The Cellular Organization of Neurons

Neurons are structurally complex cells, with long fibrous extensions that are specialized to receive and transmit information. This complexity can be appreciated by examining the structure of a motor neuron, shown schematically in Figure 1-2a. The cell body, or soma, of the motor neuron where the nucleus resides is only about 20-30 |im in diameter in the case of motor neurons involved in the patellar reflex. The soma is only a small part of the neuron, however, and it gives rise to a tangle of profusely branching processes called dendrites, which can spread out for several millimeters within the spinal cord. The dendrites are specialized to receive signals passed along as the result of the activity of other neurons, such as the sensory neurons of the patellar reflex, and to funnel those signals to the soma. The soma also gives rise to a thin fiber, the axon, that is specialized to transmit signals over long distances. In the case of the motor neuron in the patellar reflex, the axon extends all the way from the spinal cord to the quadriceps muscle, a distance of approximately 1 meter. As shown in Figure 1-2b, the sensory neuron of the patellar reflex is structurally simpler than the motor neuron. Its soma, which is located just outside the spinal cord in the dorsal root ganglion, gives rise to only a single nerve fiber, the axon. The axon splits into two branches shortly after it exits the dorsal root ganglion: one branch extends away from the spinal cord to contact the muscle cells of the quadriceps muscle, and the other branch passes into the spinal cord to contact the quadriceps motor neurons. The axon of the sensory neuron carries the signal generated by muscle stretch from the muscle into the spinal cord. Because the sensory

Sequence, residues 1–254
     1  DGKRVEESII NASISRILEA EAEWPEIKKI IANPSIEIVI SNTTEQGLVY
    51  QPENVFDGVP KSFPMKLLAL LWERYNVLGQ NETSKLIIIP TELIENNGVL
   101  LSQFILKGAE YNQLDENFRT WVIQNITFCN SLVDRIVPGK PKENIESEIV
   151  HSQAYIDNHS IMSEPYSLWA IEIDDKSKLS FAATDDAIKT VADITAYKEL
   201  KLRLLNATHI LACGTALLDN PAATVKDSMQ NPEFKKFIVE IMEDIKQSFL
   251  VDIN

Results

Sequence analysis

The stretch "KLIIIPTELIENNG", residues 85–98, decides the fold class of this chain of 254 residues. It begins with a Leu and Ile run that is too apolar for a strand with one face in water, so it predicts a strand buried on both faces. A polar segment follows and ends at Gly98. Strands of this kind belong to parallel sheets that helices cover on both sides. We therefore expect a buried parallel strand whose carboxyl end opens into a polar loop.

(a) Motor neuron within spinal cord

(a) Motor neuron within spinal cord

(b) Sensory neuron just outside spinal cord
Figure 1-2 Structures of single neurons involved in the patellar reflex.

neuron receives its input signal from the sensory stimulus (muscle stretch) at the peripheral end of the axon instead of from other neurons, it lacks the dendrites seen in the motor neuron.

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